I told my counsellor everything that happened. She looked delighted that I was coming out of my grief by letting it all out. And strangely, I was feeling better.
On the way home, Rohan said, “That girl was lucky, di. And so are you. You have a wonderful life. Look at the positive things. You are surrounded by people who care for you. You have a pair of perfectly functioning hands and a brilliant mind. Don’t let it go waste. Unshackle yourself from this mental trap that you have created. Break free, di… break free…”
Rohan’s words kept echoing in my head. And as I looked back at the two years that had gone by, I realized that he was right. I was running away from my problems rather than facing them. It took an almost similar accident to wake me up from my self-induced slumber.
But I wouldn’t sleep again. I was going to fight and emerge victorious.
Over the next couple of months, I resumed my regular physiotherapy sessions and visits to the counsellor. Physically, there wasn’t much improvement, but I was in a much better place mentally. I took up Dr. Sharma’s offer and became his assistant. I had to brush up my dormant skills before starting on my own. I would use my knowledge to heal others.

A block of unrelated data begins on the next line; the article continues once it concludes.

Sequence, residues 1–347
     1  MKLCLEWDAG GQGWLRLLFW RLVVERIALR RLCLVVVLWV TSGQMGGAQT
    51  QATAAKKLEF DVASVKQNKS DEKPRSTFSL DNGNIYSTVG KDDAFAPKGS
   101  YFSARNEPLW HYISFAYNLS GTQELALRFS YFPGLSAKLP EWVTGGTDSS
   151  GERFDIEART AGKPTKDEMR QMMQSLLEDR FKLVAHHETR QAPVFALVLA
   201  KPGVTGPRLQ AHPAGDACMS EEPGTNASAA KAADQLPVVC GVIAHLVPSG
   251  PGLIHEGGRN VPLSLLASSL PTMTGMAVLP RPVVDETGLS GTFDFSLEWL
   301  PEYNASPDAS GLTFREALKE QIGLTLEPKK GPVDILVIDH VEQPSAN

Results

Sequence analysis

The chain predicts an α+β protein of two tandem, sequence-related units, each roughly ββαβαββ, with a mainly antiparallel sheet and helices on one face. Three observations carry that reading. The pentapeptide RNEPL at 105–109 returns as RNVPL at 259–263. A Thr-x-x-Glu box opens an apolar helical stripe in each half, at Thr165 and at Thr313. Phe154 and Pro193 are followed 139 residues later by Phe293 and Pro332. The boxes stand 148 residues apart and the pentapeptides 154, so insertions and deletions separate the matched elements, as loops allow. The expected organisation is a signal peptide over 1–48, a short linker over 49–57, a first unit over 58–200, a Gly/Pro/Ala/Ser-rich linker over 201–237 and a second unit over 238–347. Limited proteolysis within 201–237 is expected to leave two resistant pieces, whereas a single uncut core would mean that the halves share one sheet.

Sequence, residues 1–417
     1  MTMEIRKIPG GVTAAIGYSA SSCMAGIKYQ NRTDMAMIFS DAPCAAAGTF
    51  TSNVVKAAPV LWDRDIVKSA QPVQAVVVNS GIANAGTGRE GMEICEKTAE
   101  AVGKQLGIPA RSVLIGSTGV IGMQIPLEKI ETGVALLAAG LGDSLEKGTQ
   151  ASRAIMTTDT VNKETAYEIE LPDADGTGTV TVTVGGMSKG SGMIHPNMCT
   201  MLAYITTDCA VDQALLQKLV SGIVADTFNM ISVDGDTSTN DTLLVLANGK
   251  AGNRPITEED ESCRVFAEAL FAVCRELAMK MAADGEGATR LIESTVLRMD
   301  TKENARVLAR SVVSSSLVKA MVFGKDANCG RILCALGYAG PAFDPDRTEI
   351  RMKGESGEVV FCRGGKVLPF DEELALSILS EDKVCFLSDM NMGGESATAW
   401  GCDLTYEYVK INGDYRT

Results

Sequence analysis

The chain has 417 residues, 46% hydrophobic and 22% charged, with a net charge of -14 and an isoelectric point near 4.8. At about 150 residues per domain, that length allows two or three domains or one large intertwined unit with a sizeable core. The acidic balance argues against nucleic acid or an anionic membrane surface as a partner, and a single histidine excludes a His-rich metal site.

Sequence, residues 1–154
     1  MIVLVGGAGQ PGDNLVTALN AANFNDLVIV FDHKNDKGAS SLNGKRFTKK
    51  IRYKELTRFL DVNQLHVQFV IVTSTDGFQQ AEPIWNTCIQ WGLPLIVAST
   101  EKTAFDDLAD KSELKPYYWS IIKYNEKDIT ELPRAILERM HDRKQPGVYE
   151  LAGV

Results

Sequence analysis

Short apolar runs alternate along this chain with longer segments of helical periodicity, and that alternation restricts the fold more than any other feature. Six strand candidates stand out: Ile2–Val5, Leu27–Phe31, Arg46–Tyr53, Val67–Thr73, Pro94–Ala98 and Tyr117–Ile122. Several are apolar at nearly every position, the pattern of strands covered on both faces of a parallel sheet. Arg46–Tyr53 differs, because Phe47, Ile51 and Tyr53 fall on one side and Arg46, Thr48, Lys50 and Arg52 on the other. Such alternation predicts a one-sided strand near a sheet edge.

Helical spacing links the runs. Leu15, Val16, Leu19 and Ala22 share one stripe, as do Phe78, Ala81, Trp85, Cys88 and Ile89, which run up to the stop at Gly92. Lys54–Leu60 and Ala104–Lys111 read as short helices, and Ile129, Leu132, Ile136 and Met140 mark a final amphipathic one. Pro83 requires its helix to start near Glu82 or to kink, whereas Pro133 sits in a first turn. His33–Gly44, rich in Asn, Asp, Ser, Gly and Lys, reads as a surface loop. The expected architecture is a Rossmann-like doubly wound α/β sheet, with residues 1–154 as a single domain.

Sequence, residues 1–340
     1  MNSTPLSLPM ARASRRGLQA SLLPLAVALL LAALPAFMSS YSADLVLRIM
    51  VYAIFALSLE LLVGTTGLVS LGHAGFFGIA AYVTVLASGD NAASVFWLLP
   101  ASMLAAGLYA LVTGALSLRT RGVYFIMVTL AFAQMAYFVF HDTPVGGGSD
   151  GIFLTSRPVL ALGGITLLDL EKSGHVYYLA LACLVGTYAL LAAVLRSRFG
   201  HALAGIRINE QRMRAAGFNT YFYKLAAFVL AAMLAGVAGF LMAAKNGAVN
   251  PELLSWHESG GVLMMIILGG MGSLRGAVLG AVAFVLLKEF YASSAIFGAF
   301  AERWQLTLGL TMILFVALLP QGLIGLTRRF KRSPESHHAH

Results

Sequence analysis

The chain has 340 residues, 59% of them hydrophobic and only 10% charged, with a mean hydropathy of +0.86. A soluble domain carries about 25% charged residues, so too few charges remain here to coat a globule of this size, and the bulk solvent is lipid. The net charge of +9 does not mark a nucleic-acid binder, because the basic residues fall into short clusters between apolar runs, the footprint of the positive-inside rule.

It was my first day as an independent physician. With a smile on my face I said, “Nurse, please send the next patient.”
I had finally broken free.
- Bhelpuri: A type of snack consisting of puffed rice, vegetables like boiled potatoes, onions, tomatoes and a tangy tamarind sauce.
- Dosa: A type of pancake made from a fermented batter. Its main ingredients are rice and black gram ground together in a fine, smooth batter with a dash of salt.
- Di: Elder sister
This is an entry for the event #BreakFree, ArtoonsInn’s signature Short Story Writing event, #ArTales-16.
Check out event guidelines here: https://writers.artoonsinn.com/break-free-artales-16-open-event/
Check out Arva’s space here: https://writers.artoonsinn.com/author/arva-bhavnagarwala/
Photo by William Malott